FutureFive New Zealand - Consumer technology news & reviews from the future
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Hands-on review: Mongoose PT800 GPS dog tracking collars
Thu, 17th Dec 2015
FYI, this story is more than a year old

A week before Guy Fawkes, Tiny, the ironically named greyhound (who is also the largest greyhound to have ever raced in New Zealand), was out with his owner on his nightly constitutional in their local park.

So were several kids who'd got hold of a bunch of fireworks.

The resulting pyrotechnics and noise proved too much for poor Tiny. He bolted into the bush at the back of the park. His distraught owners searched for hours in increasingly dire weather. Tiny wasn't having a bar of it. He was nowhere to be found.

That feeling when you realise that your dog has vanished is something all dog owners dread. Awful scenarios run through your head, driving you to distraction. You imagine horrors such as your dog being hit by a car after straying onto a busy road, or abducted for dog fighting, along with other situations that are just too horrific to contemplate.

Thankfully finding that lost dog has just got easier thanks to Mongoose pet tracking technologies. Consisting of a collar and tracking module, the Mongoose collar uses GPS positioning to pinpoint your dog's location to less than a metre. Its position is sent back to your smartphone or a web browser using mobile phone networks thanks to the built in GPRS mobile data radio in the tracker.


The Mongoose pet tracker comes with a small adjustable collar which is worn along with your dog's normal collar.

The module itself is about the size of a box of matches. For my two greyhounds it didn't seem all that bulky, but for smaller breeds, the tracker might seem big.

I got into the habit of putting the tracking collars on when we headed out on walks and taking them off when we got home so the tracker size was never an issue. The tracker has rounded edges which makes them reasonably unobtrusive for canine wearers too.

The tracker is water resistant and self-contained. It has a slot on its left side covered with a flap that protects a micro USB port (for charging) and SIM card slot (so the tracker can relay its GPS location to you over a mobile network).

A small button on top of the tracker switches it on. Pressing it sees a blue LED on the top of the tracker illuminate to tell you that your pooch is now trackable.

There's also an accelerometer built in, which helps extend the trackers battery life. If your dog is like mine, chances are that it'll spend a lot of its time sleeping. When your dog is still for more than a few minutes, the tracker goes into a power saving sleep mode. Should the accelerometer detect movement, the tracker wakes up, gets a GPS location fix. This clever solution translated into several days battery life.

In Use

Getting set up wasn't difficult. After inserting a prepaid SIM card (you need to use a mobile operator that supports GPRS data) and adjusting the collars to fit my dogs, I charged them up.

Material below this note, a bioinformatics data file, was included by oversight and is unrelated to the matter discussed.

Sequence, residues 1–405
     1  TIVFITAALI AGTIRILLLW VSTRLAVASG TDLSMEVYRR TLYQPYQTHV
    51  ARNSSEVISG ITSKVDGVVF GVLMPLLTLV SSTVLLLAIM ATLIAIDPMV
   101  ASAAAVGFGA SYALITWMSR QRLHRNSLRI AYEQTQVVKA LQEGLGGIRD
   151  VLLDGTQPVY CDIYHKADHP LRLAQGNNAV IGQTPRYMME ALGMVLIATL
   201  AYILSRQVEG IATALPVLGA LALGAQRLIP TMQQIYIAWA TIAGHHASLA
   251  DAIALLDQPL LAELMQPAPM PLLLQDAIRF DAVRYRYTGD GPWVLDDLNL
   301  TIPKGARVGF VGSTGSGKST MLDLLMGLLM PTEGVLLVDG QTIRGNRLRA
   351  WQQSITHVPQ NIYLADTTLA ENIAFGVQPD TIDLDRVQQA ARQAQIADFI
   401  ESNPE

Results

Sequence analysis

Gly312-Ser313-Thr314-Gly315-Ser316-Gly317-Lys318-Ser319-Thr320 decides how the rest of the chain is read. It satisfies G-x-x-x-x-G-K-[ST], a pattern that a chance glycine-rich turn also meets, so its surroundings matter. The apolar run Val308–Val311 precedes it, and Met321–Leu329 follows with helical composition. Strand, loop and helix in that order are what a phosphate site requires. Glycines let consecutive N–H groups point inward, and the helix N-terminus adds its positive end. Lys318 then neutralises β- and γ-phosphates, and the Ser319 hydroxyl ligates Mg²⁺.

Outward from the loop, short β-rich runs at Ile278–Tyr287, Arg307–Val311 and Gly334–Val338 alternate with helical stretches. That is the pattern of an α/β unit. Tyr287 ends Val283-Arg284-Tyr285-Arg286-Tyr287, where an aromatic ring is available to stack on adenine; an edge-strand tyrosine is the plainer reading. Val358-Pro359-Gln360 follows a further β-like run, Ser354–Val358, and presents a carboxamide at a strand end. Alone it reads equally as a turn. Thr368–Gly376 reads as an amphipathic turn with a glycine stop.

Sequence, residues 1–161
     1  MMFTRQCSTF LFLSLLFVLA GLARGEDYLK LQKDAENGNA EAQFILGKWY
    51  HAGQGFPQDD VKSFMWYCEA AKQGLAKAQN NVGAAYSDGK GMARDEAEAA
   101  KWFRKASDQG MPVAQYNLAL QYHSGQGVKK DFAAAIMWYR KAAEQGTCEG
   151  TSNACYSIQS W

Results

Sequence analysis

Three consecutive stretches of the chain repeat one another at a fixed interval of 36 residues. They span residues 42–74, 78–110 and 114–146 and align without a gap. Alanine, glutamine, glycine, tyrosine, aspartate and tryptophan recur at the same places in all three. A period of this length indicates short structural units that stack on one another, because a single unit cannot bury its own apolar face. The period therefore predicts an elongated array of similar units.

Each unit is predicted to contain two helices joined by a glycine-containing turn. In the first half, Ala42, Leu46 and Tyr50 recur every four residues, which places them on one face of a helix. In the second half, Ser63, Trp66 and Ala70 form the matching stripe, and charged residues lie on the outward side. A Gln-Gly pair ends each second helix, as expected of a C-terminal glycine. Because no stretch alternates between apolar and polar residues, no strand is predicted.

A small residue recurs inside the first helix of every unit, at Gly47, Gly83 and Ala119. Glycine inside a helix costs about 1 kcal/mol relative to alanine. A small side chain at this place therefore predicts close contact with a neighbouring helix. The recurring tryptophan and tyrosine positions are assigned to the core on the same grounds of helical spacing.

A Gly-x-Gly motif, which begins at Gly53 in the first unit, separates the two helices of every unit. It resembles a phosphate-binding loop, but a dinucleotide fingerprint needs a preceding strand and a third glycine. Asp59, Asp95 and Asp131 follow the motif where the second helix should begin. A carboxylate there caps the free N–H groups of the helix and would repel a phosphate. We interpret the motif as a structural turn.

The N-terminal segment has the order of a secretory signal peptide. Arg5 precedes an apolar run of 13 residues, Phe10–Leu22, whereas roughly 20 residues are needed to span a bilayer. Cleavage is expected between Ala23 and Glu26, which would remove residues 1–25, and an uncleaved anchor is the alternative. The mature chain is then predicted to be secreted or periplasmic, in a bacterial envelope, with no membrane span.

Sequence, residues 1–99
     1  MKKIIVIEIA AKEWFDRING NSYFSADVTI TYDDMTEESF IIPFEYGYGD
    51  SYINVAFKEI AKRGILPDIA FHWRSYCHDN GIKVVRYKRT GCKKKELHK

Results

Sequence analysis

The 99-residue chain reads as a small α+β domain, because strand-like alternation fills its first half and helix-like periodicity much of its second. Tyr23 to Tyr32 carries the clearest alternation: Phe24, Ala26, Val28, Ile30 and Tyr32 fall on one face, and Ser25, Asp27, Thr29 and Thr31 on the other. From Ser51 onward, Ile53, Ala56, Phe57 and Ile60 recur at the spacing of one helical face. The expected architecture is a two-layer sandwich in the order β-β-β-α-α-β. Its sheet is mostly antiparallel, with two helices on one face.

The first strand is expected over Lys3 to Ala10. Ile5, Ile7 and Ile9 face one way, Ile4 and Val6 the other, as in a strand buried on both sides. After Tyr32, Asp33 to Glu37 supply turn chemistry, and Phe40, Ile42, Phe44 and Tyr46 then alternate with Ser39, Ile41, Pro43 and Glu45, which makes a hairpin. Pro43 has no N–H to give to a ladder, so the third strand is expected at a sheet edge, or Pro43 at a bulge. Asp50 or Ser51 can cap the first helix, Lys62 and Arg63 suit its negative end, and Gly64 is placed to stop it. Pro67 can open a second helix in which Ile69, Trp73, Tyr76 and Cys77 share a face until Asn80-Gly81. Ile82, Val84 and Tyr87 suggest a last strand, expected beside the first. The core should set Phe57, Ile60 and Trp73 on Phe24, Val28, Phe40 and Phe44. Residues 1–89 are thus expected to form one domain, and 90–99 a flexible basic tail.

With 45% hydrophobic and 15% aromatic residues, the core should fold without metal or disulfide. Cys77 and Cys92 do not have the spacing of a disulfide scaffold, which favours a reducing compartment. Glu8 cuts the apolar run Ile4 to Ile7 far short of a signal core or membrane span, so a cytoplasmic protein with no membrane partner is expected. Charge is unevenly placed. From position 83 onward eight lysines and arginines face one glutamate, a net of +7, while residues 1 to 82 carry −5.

I then registered each tracker with my smartphone so it would receive notifications from the tracker. This was done by sending a text message to both collars containing a specific code.

The tracking magic happens thanks to the TKSTAR GPS smartphone app which is a free download from the app store. While you can log into the app using the IMEI serial no. of the cellular modem in each collar, I was tracking two dogs so Mongoose set me up with a user ID (it'll also work with a vehicle tracker). The app superimposed the location of both my greyhounds on a map with cartographic or satellite views.

I was also able to see where my two greyhounds were, how fast they were going and what direction they were heading in. The App also has a historical tracking function which lets me review where they'd been for times and dates I'd specified.

By default, the tracker reports its location every 30 minutes, however this can be changed using the website so if you were tracking your dog you could increase the frequency with which the tracker reports its location to get near real time tracking happening.

Because the tracker uses mobile technologies it can also triangulate its rough position off of cell sites. So even if the tracker cannot get a GPS signal to determine its location, it'll still be able to report its rough location based on nearby cell sites.

Perhaps one of the niftiest features of all with the tracker is called Geo-fencing. This allows you to place a virtual electronic perimeter around your property using the web or smartphone app. should your dog's tracker record that your dog has strayed beyond the Geo-fence boundary, you'll get an alert. Given most dogs go missing by escaping from their home; Geo-fencing provides a smart way to keep an eye on your dog.

If you don't own a smart phone, you can also call the phone number of the SIM card in the tracker and then hang up. The Collar will then text you its map coordinate, which should make locating a missing dog much more of a doable proposition. You can also track your dog's position using a web browser too.


With legions of Greyhound owners out looking for Tiny, he was eventually found, much to his owner's relief.

Had he been wearing one of the Mongoose collars the odds are that Tiny would've avoided several cold and wet nights alone in the bush. Knowing where my dogs are (and where they've been) is both a useful and straightforward process. Being able to know if and when they've escaped from my property is useful beyond measure.

Provided you keep the trackers charged and their SIMs topped up, you'll always be able to track down your dogs (provided they remain within mobile coverage). This peace of mind alone makes spending $249 on a tracker (plus a prepaid SIM) from Mongoose a complete no-brainer for any dog owner.